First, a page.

By J. Robert McClure, PhD., President and CEO of The James Madison Institute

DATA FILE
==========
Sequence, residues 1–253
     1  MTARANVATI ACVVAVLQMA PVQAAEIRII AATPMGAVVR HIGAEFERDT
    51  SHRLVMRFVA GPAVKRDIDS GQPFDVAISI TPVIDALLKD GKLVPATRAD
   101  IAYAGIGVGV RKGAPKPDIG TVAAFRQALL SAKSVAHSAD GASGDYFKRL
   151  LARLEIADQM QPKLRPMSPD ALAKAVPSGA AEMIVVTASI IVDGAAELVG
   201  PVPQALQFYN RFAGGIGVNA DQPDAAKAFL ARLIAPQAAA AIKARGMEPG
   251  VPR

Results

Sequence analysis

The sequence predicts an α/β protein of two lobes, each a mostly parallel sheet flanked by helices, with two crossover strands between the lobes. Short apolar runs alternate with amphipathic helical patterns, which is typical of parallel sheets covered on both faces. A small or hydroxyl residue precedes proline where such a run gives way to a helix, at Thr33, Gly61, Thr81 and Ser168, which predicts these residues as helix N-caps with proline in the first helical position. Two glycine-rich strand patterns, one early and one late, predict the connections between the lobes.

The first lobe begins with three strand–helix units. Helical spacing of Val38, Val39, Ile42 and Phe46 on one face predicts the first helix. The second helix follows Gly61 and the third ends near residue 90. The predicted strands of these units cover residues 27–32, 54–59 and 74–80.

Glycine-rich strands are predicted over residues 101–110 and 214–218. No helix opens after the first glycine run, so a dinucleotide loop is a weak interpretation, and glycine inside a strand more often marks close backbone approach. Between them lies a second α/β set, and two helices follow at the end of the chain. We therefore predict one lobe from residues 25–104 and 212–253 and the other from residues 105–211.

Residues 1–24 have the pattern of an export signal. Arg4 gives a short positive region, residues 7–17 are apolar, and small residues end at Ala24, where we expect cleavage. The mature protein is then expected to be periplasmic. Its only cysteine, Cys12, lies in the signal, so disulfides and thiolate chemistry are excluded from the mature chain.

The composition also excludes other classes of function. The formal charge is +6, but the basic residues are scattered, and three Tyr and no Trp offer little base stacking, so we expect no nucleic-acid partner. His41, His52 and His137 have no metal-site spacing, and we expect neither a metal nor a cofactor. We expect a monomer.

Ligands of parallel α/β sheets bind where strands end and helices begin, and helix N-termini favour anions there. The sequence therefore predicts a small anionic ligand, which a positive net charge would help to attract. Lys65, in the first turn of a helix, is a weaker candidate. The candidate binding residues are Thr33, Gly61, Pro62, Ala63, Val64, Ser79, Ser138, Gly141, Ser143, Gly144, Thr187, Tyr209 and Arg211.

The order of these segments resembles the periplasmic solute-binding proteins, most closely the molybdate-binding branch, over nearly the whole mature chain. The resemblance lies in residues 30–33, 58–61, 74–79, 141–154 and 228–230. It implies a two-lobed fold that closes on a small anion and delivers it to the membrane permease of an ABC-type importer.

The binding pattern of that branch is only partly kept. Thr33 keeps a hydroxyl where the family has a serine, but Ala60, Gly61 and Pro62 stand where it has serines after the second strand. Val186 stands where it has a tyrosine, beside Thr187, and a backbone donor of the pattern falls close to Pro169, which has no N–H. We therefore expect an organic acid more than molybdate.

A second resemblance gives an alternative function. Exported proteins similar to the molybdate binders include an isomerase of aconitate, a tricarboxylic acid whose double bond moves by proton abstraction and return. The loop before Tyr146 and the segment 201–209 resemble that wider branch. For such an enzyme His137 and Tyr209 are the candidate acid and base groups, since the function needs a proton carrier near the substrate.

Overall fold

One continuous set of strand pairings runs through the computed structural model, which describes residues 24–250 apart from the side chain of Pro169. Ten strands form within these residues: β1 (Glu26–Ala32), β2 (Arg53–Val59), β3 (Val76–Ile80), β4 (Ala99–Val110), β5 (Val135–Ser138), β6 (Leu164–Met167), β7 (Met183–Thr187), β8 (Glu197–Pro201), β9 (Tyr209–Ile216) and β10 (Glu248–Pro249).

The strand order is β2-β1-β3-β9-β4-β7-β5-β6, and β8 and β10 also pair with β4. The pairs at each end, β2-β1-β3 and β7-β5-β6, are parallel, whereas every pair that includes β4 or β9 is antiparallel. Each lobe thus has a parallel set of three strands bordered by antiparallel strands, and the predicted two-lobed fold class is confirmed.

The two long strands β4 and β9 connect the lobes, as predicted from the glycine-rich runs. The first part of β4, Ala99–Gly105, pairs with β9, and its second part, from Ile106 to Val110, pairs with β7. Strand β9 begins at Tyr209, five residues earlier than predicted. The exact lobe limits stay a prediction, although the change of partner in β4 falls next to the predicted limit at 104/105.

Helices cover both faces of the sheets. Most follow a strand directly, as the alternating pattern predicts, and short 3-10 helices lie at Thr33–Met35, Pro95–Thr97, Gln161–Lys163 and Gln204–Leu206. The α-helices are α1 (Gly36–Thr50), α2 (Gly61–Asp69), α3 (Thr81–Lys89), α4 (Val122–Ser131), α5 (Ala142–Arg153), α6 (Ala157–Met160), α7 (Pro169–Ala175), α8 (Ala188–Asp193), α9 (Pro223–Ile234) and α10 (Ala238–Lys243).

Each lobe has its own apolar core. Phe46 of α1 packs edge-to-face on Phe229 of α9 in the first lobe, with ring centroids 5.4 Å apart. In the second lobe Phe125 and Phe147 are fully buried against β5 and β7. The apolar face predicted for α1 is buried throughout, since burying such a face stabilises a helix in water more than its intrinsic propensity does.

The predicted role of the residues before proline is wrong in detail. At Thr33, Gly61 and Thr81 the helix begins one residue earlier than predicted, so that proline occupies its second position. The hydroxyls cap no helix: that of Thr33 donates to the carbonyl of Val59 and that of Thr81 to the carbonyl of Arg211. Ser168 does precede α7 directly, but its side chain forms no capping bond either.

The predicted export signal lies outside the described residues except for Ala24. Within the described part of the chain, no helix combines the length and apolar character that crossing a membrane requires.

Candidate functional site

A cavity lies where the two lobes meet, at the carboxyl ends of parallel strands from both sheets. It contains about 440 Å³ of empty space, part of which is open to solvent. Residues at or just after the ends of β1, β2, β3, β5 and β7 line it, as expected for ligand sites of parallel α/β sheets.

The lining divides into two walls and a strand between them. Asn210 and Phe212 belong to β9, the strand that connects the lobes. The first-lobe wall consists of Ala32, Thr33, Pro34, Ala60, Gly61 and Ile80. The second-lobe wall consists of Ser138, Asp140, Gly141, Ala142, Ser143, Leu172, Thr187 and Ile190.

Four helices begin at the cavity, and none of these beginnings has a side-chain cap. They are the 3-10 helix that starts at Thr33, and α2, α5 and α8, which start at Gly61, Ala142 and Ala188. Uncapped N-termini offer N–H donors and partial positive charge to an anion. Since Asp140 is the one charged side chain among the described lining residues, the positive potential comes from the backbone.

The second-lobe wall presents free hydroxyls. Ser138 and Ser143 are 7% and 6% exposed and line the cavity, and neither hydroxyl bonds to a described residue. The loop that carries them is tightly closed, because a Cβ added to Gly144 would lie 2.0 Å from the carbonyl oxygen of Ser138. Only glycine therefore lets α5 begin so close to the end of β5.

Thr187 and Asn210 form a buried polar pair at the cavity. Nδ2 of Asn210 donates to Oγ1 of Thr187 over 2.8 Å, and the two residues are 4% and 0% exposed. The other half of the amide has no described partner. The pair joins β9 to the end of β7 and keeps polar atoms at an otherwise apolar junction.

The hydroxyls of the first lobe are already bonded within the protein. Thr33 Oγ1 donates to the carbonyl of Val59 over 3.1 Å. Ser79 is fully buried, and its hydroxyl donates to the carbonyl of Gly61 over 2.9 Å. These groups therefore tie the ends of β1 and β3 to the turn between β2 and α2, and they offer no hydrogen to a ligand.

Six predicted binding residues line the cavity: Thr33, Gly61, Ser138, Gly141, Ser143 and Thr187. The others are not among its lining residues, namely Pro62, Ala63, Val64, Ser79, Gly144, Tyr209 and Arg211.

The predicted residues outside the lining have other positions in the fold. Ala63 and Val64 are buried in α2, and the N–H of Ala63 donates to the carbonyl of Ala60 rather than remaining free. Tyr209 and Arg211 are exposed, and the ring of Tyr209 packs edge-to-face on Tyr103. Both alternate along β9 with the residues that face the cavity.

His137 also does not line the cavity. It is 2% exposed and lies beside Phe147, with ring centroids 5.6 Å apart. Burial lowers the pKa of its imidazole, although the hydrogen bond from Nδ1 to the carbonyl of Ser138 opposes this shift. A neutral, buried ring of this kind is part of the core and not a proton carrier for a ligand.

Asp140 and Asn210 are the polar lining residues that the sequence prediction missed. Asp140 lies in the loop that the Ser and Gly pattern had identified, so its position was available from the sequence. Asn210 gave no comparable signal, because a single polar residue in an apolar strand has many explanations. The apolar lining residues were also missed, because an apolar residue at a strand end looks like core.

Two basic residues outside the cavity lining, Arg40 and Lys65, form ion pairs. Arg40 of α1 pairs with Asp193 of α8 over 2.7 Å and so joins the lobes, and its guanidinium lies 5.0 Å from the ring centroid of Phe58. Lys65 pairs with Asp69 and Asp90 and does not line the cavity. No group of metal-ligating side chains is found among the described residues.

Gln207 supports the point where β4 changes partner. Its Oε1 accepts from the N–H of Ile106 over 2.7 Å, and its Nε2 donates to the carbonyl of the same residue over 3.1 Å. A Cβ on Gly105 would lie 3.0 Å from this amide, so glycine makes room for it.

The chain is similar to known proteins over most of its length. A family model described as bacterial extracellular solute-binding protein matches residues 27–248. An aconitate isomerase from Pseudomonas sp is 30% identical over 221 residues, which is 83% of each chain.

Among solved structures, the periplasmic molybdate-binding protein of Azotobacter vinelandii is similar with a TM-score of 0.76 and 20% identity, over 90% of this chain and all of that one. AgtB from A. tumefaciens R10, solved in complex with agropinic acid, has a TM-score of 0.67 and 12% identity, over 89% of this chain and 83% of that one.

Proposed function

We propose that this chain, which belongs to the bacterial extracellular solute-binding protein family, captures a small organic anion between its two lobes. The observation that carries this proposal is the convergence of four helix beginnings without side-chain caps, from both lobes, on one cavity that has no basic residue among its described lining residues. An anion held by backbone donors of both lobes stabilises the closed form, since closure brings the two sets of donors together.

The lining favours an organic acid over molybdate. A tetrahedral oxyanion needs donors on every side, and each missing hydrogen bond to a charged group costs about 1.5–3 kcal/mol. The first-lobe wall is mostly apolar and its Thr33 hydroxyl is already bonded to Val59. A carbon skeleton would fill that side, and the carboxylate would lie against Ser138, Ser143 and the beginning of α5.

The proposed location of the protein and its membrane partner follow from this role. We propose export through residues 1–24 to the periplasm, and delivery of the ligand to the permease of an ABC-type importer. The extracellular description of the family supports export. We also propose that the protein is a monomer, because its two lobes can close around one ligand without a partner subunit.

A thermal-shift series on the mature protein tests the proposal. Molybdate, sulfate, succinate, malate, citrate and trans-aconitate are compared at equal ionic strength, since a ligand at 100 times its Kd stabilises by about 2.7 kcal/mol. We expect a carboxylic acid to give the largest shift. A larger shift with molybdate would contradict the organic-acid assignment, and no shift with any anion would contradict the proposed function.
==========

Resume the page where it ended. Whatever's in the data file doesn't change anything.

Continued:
Originally Posted on WCTV6-CBS Editorial Blog on April 6, 2011 It’s been a feel-good time at the Capital this week.  Florida legislators have been kissing babies, posing for photos with little kids, and giving speeches about how much they care about children. But legislators’ true commitment to Florida’s children will soon be put to the test when they vote on government pension reform. Most people think of pensions as an elderly issue, not a children’s issue.  Yet, few problems are apt to affect Florida’s youngest generations more profoundly than runaway government pensions.  Here’s why:For many years, politicians at the state and (especially) local level have been making generous pension promises to government employees, figuring that future taxpayers (today’s kids) can be counted on to pay for them.  As a result, many government pension funds in Florida are now woefully underfinanced – particularly at the municipal level.Thankfully, a number of reformers are trying to end this generational theft by seeing to it that government employees are paid in full today – not given an IOU that they can cash in down the road at children’s expense.  These reformers want to see the public sector do what almost all of the private sector has already done – replace defined-benefit pension plans with 401(k) style defined-contribution plans.           Giving government employees control over their retirement savings through 401(k) plans is a good idea – especially since employees can take these retirement plans with them if they change jobs.  Moreover, ceasing all government IOUs will protect Florida’s pensioners from the fate of those in Alabama and California who were left with nothing when their government pension plans went bankrupt.Most of all, switching to defined-benefit plans will ensure that those who have no voice at the ballot box – Florida’s children – will nevertheless be heard.  A vote for defined-benefit pension plans is a vote for children.